Fire is an important and sometimes controversial part of the ecology and long term management of the ridge. This page is intended to give a brief overview of the history, role and management of fire on the ridge.
The history of fire on the ridge has strongly followed the history of the ridge itself. the role of humans has been the most significant factor in the frequency, intensity and effect of fires on the ridge.
Fire has been present on the ridge for millions of years.
Artificial burning was introduced by Aborigines who regularly burned, low intensity burns. to better manage the land for their purposes
European settlers generally believed that fire was only bad as it not only destroyed food but risked destroying infrastructure such as fences, sheds and homes. Fire was therefore generally suppressed.
When the ridge was converted from a grazing property to a nature service in the 1980s, very few fires occurred on the ridge prior to January 2003.
Since January 2003 the ridge nowdays can be planned or unplanned. Planned fires are conducted by the rural fire service with the objective being to reduce the amount of fuel. This helps reduce the possibility and intensity of an uncontrolled fires on the ridge.
Since the 2003 fires, fires have been more actively managed.
Fires on the ridge our now actively managed by the ACT Parks and Conservation Service.
Prescribed burns have been a regular almost annual feature of the fire management on the ridge since 2003.
Prescribed burns typically target only a small area of the ridge at a time. Progressively overtime, the ridge is burnt. This pattern of burning mosaic burning.
The use of controlled of hazard reduction burns has many secondary benefits on the ridge.hazard reduction burn programme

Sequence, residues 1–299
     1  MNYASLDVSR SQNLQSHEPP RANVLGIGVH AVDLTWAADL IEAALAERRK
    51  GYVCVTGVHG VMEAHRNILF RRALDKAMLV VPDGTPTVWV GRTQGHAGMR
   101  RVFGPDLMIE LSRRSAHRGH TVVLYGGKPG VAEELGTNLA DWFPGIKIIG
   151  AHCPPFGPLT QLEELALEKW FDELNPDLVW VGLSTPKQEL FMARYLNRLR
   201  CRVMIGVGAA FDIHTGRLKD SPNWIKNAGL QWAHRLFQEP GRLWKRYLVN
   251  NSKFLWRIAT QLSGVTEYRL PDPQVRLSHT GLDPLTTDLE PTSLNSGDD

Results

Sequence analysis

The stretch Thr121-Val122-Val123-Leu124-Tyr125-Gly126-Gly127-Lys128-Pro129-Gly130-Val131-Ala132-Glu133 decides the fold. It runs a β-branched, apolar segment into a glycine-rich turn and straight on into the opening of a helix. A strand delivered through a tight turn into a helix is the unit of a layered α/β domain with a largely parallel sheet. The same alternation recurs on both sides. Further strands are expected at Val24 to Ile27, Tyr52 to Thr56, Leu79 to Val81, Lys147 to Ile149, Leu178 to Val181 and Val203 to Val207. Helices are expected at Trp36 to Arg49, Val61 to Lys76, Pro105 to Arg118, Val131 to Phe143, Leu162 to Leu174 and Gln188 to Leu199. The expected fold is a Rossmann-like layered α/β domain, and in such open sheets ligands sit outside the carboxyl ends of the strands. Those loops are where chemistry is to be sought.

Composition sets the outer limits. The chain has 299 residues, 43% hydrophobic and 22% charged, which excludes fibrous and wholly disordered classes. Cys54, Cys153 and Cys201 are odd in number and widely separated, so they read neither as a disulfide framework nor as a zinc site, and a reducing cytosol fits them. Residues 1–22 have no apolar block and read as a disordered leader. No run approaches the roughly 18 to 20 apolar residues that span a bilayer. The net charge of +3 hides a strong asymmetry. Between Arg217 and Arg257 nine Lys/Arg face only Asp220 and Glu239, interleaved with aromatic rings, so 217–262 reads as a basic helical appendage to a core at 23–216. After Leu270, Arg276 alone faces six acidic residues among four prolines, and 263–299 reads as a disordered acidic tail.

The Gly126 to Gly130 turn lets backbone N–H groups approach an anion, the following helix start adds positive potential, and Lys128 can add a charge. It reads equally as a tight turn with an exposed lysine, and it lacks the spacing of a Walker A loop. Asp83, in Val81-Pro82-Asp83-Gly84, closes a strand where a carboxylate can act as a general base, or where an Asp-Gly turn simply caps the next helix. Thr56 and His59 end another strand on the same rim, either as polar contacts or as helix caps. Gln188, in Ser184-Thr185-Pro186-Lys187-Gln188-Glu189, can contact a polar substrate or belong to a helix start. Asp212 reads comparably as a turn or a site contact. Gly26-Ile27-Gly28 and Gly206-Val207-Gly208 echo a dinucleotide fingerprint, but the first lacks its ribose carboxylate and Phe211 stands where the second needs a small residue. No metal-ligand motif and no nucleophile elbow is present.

Cattle Grazing is also used on the ridge by Parks and Conservation as tool to manage fuel loads. Cattle are temporarily brought in to grazed down an area to remove the feul load. The group does not directly participate in these activities.
A major secondary benefit of controlled burns is that these burns can significantly accelerate the regeneration of the bush.
A balanced fire management regime can have significantly assist in the regeneration of the bush. Too much and things don't do well. To little and things don't do well.
Most of the group areas have had one or more burns on them. This has significantly enhanced the ratural regeneration process.
Native generally respond better to regular burns than exotics. Burns help accelerate the regeneration of native plants and grasses in particular.
Prescribed burns also provide a great opportunity for the group. The group takes advantage of control burns as a good opportunity. Vegetation cover is reduced, weeds are more visible and easier to remove.
The pictures below show Cooleman Ridge before and after the bushfire on 18 January 2003, and the new growth brought on by the rains. Those in the second row were taken on 1st February, those in the third row in May 2003.
Top: November 2001 - walking
down the hill (dam to right).
2nd row: After the fire - a tree is down (see far right photo)
3rd row: Rains bring on the weeds, especially Paterson's Curse.
Top: November 2001 - a picturesque
2nd row: Ducks were seen on this dam in the days after the fire.
3rd row: Water quality is poor, but ducks still come to the dam.
Top: November 2001 - dam, with
road winding up hill.
2nd row: A tree felled by wind and fire lies in front of the dam.
3rd row: New weeds grew from seed scattered for any survivors to eat.
Top: June 2002 - snowing on
2nd row: Same tree; a smoky haze this time.
Top: October 2002 - storm clouds
2nd row: The same view after the fire.
Top: October 2002 - storms over
2nd row: A much drier, burnt landscape.
The pictures below show Cooleman Ridge in February 2003 after the fires, and the new green growth in June 2003. Photo copyright: R. Vallak
The pictures below show some of the regrowth on Cooleman Ridge since the January fires. Photo copyright: K. Pelling